All forms of street entertainment, commonly referred to as busking, are viewed as an important part of the musical and cultural heritage of the borough, providing a means for new talent to be discovered, while adding to vibrancy and character of the area.
However, in recent months Camden has received an escalating number of complaints from residents and councillors regarding disruptive busking activity.
Camden believes that nuisance has been caused to local residents and businesses from the use of amplifiers and loud musical instruments, and that there is potential for nuisance to be caused in any part of the borough. Camden also believes that on some occasions there is a risk to safety of people using the street, and that increased opportunities have been created for crime to occur, such as pickpocketing.
Camden does not currently have an agreed policy on busking and has not previously adopted the specific legislation available which would provide the necessary powers under the London Local Authorities Act 2000 (“the Act”).
Why We Are Consulting
We are currently considering options for a Street Entertainment Policy, and we would like to hear your views so that we can take them in to account before making a decision. Our proposals include adopting legislation to enable us to issue busking licences for some types of street entertainment throughout Camden.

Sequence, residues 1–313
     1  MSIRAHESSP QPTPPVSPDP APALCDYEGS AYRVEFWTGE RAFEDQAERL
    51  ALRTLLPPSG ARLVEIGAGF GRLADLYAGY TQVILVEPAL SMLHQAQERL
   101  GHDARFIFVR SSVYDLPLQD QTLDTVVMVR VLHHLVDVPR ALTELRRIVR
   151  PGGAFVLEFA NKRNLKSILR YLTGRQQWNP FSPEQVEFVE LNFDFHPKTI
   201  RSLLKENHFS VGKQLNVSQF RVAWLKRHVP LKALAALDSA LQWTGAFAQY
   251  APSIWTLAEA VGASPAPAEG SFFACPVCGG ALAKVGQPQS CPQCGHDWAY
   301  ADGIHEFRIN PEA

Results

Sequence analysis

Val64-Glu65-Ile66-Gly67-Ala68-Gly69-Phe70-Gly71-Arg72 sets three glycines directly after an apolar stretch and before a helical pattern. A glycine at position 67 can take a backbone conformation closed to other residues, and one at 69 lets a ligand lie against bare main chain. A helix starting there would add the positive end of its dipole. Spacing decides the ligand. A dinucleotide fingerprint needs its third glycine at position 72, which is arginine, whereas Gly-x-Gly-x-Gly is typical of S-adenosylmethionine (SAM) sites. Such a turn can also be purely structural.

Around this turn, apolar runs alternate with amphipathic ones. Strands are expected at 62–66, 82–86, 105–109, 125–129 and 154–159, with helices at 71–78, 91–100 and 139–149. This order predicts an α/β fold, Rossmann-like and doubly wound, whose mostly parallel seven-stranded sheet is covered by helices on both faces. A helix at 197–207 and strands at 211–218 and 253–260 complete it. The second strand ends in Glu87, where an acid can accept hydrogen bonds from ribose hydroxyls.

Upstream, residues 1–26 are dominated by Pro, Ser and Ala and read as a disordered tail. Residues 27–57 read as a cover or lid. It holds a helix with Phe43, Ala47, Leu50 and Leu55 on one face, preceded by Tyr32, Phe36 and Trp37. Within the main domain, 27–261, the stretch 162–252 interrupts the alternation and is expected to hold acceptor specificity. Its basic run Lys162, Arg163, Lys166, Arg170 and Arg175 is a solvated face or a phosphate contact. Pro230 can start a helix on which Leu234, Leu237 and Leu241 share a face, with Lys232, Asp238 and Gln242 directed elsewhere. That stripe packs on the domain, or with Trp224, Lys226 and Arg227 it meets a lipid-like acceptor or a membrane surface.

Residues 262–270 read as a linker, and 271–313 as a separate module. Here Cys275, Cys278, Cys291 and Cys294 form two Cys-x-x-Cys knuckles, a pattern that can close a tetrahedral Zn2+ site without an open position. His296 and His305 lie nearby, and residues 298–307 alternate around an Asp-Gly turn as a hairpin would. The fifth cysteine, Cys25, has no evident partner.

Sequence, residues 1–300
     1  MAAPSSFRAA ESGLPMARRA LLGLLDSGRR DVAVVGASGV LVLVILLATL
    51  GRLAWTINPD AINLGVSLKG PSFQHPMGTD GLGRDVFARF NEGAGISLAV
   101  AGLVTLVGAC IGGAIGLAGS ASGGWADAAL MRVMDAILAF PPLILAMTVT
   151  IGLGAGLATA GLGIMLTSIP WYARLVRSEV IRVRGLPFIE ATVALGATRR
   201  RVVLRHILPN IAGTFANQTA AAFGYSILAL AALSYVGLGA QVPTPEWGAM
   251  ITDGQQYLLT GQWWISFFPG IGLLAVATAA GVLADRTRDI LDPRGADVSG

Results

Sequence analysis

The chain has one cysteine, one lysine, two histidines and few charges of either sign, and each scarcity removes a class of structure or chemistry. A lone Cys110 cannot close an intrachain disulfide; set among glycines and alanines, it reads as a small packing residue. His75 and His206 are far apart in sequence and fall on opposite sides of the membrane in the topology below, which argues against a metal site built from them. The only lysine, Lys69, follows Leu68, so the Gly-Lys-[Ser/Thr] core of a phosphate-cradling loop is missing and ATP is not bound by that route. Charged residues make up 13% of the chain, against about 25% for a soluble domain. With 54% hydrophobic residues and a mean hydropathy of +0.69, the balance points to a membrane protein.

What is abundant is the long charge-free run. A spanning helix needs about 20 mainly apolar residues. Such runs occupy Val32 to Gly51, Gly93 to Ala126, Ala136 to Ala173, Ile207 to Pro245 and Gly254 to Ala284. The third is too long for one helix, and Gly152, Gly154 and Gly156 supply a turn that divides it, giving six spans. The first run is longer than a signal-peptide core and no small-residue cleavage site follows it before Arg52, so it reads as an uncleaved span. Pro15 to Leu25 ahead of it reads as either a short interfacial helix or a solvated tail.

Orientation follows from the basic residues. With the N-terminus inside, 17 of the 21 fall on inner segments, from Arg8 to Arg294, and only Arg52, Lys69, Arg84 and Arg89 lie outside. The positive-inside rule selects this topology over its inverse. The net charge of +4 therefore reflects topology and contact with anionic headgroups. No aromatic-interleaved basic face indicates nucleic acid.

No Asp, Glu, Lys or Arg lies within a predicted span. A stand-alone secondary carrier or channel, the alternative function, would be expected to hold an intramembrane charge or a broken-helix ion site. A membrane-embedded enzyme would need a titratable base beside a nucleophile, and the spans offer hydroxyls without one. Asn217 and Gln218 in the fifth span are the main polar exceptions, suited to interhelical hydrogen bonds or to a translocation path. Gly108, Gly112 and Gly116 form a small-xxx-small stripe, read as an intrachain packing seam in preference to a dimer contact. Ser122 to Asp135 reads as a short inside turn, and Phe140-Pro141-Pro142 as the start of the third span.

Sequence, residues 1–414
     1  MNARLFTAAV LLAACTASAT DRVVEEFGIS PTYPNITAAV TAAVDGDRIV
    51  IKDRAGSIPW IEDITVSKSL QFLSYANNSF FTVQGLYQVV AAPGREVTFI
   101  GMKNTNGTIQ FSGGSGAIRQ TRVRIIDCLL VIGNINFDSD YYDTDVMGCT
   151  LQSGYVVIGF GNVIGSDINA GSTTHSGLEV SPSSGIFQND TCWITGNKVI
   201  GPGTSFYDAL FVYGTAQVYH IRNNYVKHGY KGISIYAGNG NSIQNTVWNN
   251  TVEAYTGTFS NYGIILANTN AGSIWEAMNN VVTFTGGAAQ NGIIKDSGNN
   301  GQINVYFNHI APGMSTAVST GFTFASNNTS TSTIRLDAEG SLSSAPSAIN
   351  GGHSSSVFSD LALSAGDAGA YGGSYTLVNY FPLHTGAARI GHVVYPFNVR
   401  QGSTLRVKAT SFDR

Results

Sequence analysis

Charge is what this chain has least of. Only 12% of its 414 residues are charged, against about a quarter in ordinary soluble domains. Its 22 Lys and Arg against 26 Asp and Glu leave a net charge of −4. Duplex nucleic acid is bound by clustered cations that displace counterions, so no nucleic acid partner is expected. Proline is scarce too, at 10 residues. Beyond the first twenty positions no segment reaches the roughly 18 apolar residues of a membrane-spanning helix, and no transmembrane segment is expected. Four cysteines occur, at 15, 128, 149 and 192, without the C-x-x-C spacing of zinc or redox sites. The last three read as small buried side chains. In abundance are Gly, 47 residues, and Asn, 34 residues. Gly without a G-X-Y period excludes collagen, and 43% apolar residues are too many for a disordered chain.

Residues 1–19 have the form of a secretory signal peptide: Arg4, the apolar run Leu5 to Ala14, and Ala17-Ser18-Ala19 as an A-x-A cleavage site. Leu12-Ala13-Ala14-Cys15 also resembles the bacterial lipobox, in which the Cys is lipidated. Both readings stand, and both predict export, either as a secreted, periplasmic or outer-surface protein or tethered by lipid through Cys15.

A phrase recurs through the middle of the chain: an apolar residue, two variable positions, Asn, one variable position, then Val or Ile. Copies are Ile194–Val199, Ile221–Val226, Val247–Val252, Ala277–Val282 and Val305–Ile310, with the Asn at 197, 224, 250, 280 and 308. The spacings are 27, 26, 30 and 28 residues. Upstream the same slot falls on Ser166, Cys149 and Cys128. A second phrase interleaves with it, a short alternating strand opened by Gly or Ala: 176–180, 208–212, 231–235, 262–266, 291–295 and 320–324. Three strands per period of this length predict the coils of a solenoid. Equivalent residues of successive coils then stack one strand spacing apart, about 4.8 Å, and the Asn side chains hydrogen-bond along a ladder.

There are many options available to the Council in creating this new Policy, and we welcome views on all parts of our proposals. The key Policy proposals being made are:
The requirement for needing a busking licence will apply across the whole borough.
Many forms of entertainment will be exempt, principally where the entertainment does not involve music or amplifiers, or where the entertainment is likely to organised as part of a wider event.
Maximum permitted times are proposed as 10am to 9pm
A busking licence will normally be issued for 12 months, and permit busking anywhere in the borough
Standard conditions will be applied to all licences, which place the onus on the performer to choose a pitch that is suitable for the nature of their performance, and which prevents the use of amplifiers and some instruments, such as drums and brass bands.
A procedure to determine applications and requests to vary the standard conditions
What Happens Next
The responses to the consultation will be reported to the Licensing Committee on the 29th October 2013, and the committee will also hear any oral representations that people wish to make.
In addition to the licensing committee, the proposal and consultation responses will be reported to the Cabinet on the 23rd October 2013, and then to the full Council on 11th November 2013, who will be making the final decision on the policy.